Tata DoCoMo Photon Max Wi-Fi Duo Review: Good to Go

Tata DoCoMo Photon Max Wi-Fi Duo Review: Good to Go

The Tata DoCoMo Photon Max Wi-Fi Duo has a name that's almost too long to keep track of, but it's also the most useful personal Wi-Fi hotspot we've used. The Duo has a built-in battery so you can charge it up at home and then use it to connect your devices to the Internet on the move. The cool part is that it also has a standard USB port, and this can be used to recharge your phone. It was launched in December for Rs. 2,899 and we used one for a couple of weeks.

The design of the Duo is pretty basic, but it gets the job done. It's a small, palm-sized brick that will fit into even a small bag. If you want, you could even keep it in your pocket, though that might get a little uncomfortable to walk around. The ports are on the sides, and on top, there is a row of five lights, that show you the battery and network levels, whether the Wi-Fi or charge functions are in use, and if there is any SMS for you (which you can check via the desktop software). Thankfully, the Duo itself is charged using a standard Micro-USB cable, the same that most non-Apple phones have, which means you don't need to keep another cable with you.


You can use the Duo to recharge your phone even when it is sending out a Wi-Fi signal, but this obviously drains the battery on the duo a little bit faster. It has a 4400mAh battery, and as such worked for several hours as a Wi-Fi hub, but fully charging an LG G3 almost entirely discharges the Duo. Tata DoCoMo claims that the battery will last 7-8 hours, but we found that with multiple devices (two phones and one tablet, plus one Playstation Vita) connected, 5-6 hours was a more realistic number.

Setting up the Duo requires a PC - you'll have to connect it to the USB port, and the setup process is largely automatic then. Once that's done, you need to set up the postpaid plan, and activate the built-in SIM. Since the Duo is only available through Tata DoCoMo stores right now, the setup can be completed in the store itself if you're not confident about doing such things yourself.

The Duo only works with postpaid plans right now - you'll get 1GB of data for Rs. 300 per month, or 2GB for Rs. 450. If you exceed this, you can add more data in the same billing period. There are also unlimited plans, with speed throttling after you hit the limit. The 3GB plan costs Rs. 650 per month and the 7GB for Rs. 750 per month seemed like the best plan to us. There's a 20GB plan for Rs. 1,000, and a 30GB plan for Rs. 1,250. For the purposes of our trial, Tata DoCoMo set us up with a 5GB plan.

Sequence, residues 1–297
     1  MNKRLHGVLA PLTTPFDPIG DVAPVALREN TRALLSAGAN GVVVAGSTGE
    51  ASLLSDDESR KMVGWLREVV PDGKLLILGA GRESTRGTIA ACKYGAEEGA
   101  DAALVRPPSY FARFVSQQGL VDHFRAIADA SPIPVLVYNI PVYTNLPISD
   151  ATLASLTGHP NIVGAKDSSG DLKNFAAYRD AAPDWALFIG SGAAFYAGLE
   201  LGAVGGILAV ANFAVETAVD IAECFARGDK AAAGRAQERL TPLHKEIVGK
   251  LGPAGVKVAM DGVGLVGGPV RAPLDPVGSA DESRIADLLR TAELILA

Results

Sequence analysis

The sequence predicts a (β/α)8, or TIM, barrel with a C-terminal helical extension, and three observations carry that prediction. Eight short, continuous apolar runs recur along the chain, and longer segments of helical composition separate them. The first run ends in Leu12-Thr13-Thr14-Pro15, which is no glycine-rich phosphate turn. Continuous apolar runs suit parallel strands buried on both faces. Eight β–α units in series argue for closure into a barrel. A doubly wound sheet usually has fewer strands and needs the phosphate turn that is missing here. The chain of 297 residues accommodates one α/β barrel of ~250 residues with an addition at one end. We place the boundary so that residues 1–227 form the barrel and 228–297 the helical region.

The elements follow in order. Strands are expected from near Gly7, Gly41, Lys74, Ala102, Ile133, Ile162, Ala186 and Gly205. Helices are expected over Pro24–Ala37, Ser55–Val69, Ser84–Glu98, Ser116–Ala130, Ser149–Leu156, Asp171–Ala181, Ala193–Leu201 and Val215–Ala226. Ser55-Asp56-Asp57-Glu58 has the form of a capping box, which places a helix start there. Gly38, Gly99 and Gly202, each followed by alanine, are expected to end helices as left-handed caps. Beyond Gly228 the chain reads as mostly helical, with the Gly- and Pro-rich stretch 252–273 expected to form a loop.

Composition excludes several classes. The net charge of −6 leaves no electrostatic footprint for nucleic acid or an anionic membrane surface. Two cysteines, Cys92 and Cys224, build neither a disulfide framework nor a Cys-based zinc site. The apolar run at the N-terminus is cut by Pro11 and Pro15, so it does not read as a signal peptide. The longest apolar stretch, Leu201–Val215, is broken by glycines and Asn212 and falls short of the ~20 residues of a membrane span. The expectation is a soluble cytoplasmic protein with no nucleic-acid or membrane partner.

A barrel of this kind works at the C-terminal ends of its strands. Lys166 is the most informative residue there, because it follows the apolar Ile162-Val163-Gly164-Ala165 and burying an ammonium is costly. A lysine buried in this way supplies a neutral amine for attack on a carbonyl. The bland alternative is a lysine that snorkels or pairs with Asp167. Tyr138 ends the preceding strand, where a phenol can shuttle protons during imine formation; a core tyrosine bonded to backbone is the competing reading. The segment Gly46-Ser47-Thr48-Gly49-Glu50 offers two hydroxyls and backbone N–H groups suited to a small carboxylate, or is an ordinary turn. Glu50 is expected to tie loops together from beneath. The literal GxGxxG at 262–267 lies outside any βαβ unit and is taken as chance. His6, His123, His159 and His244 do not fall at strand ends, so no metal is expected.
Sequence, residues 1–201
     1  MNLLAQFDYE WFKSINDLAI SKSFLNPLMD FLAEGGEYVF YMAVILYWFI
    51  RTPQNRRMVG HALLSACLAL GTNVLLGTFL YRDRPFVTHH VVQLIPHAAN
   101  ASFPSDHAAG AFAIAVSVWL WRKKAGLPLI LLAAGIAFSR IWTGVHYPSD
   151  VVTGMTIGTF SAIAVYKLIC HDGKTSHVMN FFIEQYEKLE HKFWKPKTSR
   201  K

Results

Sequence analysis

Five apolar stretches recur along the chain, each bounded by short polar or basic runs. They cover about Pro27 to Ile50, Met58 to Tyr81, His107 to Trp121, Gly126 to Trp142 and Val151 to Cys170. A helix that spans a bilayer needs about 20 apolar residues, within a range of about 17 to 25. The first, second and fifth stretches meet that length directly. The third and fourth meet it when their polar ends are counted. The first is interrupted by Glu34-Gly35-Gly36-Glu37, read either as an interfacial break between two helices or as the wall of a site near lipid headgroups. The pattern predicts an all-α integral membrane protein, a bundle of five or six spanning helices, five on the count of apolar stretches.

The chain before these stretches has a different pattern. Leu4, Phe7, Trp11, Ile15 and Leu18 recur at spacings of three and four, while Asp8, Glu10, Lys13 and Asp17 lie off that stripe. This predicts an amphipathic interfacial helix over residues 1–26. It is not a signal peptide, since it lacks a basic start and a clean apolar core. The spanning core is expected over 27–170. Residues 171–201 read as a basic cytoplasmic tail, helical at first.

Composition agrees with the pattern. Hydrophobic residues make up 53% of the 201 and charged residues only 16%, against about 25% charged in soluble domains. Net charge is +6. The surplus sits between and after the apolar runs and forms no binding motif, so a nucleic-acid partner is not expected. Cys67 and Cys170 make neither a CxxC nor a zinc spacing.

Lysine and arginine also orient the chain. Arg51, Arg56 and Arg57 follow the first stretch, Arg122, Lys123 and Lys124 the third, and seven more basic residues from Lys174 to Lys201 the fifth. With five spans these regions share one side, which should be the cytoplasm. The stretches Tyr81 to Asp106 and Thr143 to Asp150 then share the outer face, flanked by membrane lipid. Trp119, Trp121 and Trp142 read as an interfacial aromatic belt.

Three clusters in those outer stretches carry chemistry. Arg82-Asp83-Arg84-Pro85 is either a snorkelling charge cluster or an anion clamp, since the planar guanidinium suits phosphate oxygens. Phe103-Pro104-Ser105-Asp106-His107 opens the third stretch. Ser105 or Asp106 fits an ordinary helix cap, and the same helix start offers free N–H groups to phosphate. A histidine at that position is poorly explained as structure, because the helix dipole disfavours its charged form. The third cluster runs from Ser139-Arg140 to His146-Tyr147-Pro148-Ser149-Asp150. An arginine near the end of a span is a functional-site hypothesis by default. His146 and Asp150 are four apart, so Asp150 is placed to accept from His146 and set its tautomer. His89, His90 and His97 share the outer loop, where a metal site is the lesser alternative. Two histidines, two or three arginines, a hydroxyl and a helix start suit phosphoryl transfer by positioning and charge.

This means that if you don't have a broadband plan, you could actually consider using the Duo as an alternative - Airtel's 2Mbps plan (which gets throttled to 512kbps past 9GB) costs Rs. 1,099 per month; Tata DoCoMo claims a 9.8Mbps download speed, but actually typically delivers a little under 2Mbps at best, and you can get 20GB for 100 rupees less than Airtel, with the advantage of portability.


We wouldn't recommend this though - while the connection is reasonably priced, like most wireless Internet experiences, it isn't always reliable, and can be very slow at times. A wired broadband connection is still a steadier option, with fewer fluctuations in speed.

As a travel companion though, we loved the idea of the Duo - Tata DoCoMo says it works throughout India with no extra roaming charges, and the connectivity around Delhi at least seems pretty reasonable, though the experience can vary across vastly across locations. Some areas in Noida experienced signal drops, and a few stretches of road still have complete dead zones - but in most parts the connection worked and delivered a fairly reliable speed too, allowing us to stream movies and music from the Internet with little trouble. We can easily envision slipping this into our bags when traveling - but we'd suggest waiting for Tata DoCoMo to bring in prepaid plans first. If possible, get a Photon Max unit - any one, not necessarily the Duo - on loan from a friend or family member to test the speeds where you'll primarily be using the connection, to get an idea about the speeds in your locality. This will save you some money should your house or office be in one of the 'dead zones'.

We used the Duo for two weeks and tried it out in most parts of Delhi. We rarely saw speeds of over 2Mbps, but it rarely dropped below 1Mbps either. The Duo took around two hours to charge fully, and was able to fully recharge an LG G3 and still connect three devices to the Internet. It costs Rs. 2,899 to buy, and you can get postpaid plans for Rs. 650 (3GB), Rs. 750 (7GB), Rs. 1,000 (20GB), or Rs. 1,250 (30GB) per month.


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Gopal Sathe is the Editor of Gadgets 360. He has covered technology for 15 years. He has written about data use and privacy, and its use in politics. He has also written extensively about the latest devices, video games, and startups in India. Write to gopal@ndtv.com or get in touch on Twitter through his handle @gopalsathe with tips. More
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